is there a way that is better than being enslaved to a schedule?

Since my daughter’s family has moved in with us, I have had the joy of spending time with my six-month-old granddaughter. Bless her, Hazel has no concept of the passage of time. She plays, sleeps, eats, and cuddles as her little heart commands. The ticking of the seconds means nothing to her. Author Carol S. Wimmer describes it this way:

“Babies live in divine time, but their parents live in temporal time … Grown-ups have this 24-hour clock in their heads that ticks out chunks of time, rings alarms, and establishes calendars… Little kids don’t know anything about clocks…As people grow old[er], they wish they could get rid of the clock. Old[er] people look forward to living in Divine time.”

I need some Divine time.

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When I committed to so much, I attempted to create a schedule for each day so that I would maintain maximum productivity. It’s hanging on the wall of my home office and breaks the day down into specific increments. I hate it. It reminds me of my years as a teacher, my days divided into chunks that were announced by bells and enforced by tardy bells. I don’t want to live with my cell phone alarm sounding every hour to remind me of my next task. I want to live in Divine time. My soul needs time to write when it feels called, my brain needs the freedom to approach organizational tasks when it is sharp, and my heart needs client relationship building when it’s open and receptive. Those things cannot be dictated by an alarm.

On my way home from yoga, with my Disney playlist singing my way, this gorgeous lyric from Mary Poppins touched my heart as I drove just a little over the speed limit:

“You’ve got to grind, grind, grind at that grindstone, though childhood slips like sand through a sieve…”

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It’s not just childhood, though. With each passing day, I realize that life itself slips through our fingers, unwinding in a long spool of meetings and obligations. Without enough stillness; enough Divine time.

Though I have no clear plan of action, I do know that I will be trashing the giant grid of time chunks. To-do lists will remain, but they’re going to require flexibility and grace. There may not be enough hours in the day to do every little thing. But I am going to move my spirit toward Divinity: walks and words, conversations and calculations, spreadsheets and savasanas. All synchronized to the needs of my soul. I mean to work with intention.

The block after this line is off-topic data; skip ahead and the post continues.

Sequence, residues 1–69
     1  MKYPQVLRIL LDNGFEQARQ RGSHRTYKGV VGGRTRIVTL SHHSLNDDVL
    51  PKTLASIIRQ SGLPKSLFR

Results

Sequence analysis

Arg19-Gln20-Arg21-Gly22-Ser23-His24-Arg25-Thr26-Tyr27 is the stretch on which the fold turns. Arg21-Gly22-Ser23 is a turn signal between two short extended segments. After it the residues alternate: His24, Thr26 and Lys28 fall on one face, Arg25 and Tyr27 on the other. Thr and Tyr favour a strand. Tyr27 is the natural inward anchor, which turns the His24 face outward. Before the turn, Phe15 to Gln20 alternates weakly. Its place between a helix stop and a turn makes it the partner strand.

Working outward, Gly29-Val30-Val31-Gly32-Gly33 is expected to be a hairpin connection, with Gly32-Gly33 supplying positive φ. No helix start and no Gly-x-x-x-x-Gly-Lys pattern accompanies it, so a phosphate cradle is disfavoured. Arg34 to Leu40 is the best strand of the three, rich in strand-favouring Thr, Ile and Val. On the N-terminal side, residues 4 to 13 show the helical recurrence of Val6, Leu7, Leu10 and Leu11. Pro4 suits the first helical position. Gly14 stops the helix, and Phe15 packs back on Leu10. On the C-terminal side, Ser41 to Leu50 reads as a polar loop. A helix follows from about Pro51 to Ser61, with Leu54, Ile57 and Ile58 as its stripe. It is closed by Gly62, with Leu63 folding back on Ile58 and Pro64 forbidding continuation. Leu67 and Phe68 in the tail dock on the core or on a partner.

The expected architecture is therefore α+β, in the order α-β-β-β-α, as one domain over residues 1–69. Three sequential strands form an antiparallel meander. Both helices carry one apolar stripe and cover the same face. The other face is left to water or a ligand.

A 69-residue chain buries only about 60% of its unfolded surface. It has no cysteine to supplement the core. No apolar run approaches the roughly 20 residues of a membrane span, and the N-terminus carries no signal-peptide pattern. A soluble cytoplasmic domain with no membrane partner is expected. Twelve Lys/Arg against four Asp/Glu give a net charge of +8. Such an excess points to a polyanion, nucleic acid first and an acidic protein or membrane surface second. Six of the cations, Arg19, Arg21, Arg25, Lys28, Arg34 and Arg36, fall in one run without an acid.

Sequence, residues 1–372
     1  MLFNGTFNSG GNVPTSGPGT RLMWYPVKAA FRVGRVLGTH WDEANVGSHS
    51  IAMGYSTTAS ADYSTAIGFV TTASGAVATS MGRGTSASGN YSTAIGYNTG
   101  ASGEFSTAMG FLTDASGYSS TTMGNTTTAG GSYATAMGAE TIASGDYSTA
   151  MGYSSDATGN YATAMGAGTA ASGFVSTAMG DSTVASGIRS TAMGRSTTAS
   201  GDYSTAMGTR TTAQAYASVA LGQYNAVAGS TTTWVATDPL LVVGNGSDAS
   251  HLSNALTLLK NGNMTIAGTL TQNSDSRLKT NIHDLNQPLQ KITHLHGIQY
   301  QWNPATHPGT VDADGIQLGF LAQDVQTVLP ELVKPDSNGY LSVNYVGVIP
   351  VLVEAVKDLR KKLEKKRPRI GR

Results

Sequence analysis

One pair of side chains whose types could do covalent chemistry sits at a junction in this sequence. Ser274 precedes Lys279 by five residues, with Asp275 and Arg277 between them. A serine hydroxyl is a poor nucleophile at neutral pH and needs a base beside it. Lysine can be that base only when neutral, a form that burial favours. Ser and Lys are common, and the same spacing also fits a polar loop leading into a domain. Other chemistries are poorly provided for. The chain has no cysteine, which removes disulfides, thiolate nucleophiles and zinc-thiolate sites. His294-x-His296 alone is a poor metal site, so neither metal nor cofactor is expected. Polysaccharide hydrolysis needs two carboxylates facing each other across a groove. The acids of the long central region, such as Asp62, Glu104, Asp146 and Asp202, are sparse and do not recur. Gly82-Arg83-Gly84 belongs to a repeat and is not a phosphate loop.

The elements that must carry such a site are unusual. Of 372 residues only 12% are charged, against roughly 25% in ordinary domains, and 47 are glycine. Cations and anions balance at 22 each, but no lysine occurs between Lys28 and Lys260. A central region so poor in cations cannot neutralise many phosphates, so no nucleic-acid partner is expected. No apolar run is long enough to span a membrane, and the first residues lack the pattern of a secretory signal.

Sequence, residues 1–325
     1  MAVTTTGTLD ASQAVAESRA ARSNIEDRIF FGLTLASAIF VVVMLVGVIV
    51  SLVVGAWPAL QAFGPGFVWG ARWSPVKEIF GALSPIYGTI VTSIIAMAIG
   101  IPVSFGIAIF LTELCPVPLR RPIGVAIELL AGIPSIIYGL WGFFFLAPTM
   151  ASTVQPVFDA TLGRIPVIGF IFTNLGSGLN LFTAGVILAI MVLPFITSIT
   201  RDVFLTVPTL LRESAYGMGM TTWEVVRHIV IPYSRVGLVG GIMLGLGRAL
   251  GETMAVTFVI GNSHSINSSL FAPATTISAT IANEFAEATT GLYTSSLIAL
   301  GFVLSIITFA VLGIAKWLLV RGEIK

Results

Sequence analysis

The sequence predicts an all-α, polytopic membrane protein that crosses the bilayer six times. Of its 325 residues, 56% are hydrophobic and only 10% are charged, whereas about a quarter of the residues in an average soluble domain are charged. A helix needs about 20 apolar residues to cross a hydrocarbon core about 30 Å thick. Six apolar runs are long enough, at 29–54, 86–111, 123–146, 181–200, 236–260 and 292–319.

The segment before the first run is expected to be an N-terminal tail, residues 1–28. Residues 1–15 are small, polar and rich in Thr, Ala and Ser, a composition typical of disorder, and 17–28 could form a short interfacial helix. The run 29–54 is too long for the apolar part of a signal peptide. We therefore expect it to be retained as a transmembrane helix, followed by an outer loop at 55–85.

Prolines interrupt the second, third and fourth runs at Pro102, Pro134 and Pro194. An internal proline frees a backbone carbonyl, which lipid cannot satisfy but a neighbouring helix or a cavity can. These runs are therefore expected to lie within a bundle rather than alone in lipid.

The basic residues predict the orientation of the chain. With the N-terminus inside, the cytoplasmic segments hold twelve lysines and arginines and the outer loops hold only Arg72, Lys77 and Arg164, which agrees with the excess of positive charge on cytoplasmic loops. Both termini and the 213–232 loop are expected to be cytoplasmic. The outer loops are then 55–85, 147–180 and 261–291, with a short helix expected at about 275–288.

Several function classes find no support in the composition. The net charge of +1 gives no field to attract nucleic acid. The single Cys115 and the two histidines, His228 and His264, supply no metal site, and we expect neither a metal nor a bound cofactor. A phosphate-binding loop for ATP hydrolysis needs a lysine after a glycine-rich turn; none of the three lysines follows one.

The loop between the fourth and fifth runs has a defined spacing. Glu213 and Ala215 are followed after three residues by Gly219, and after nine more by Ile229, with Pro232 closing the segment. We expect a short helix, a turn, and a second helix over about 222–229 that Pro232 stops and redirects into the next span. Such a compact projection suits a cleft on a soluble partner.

I still haven’t found my slip-on sandals. But I do think I am beginning to find my rhythm.

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Short and Sweet: Of Sun and Shade

We all know them. Those people whose energy simply glows over everything around them. They are often pretty, usually smiling, they seem to have the right words readily waiting on the tips of their tongues. If/when they welcome you, it’s genuine. When you call or email or DM, you hope they’ll reply- it would be so affirming if they noticed you! Their lives seem … enchanted.

Since I am a woman, but a woman who couldn’t quite figure out how to move confidently in the world until her 48th birthday, my memory is littered with other girls who seemed to be the epitome of feminine perfection in my limited sphere of knowledge:

M. in third grade- with long, golden hair that she wore in bows and headbands, a cute 1976 wardrobe of Holly-Hobbie-inspired maxi dresses, and a bright smile.

K. in high school- varsity cheerleader, impeccable dresser, genuinely friendly. Everyone’s favorite person.

E. in college- same as K. friendly, smart, a leader. Perfect hair. Probably had 27 literal bridesmaid’s dresses.

S. in grad school- that star that every graduate cohort probably has, every assignment seemed perfectly accomplished, she gathered a group of friends that was propulsive and influential, a dynamic that has continued into postgrad undertakings.

J. in just general adulthood world- pretty, eloquent and clever, everyone’s favorite pal. So smart. So talented. So photogenic.

I always hoped to be:

asked to scale the monkey bars alongside her

asked to sit at her prom table

asked to be a bridesmaid

asked to work on a group project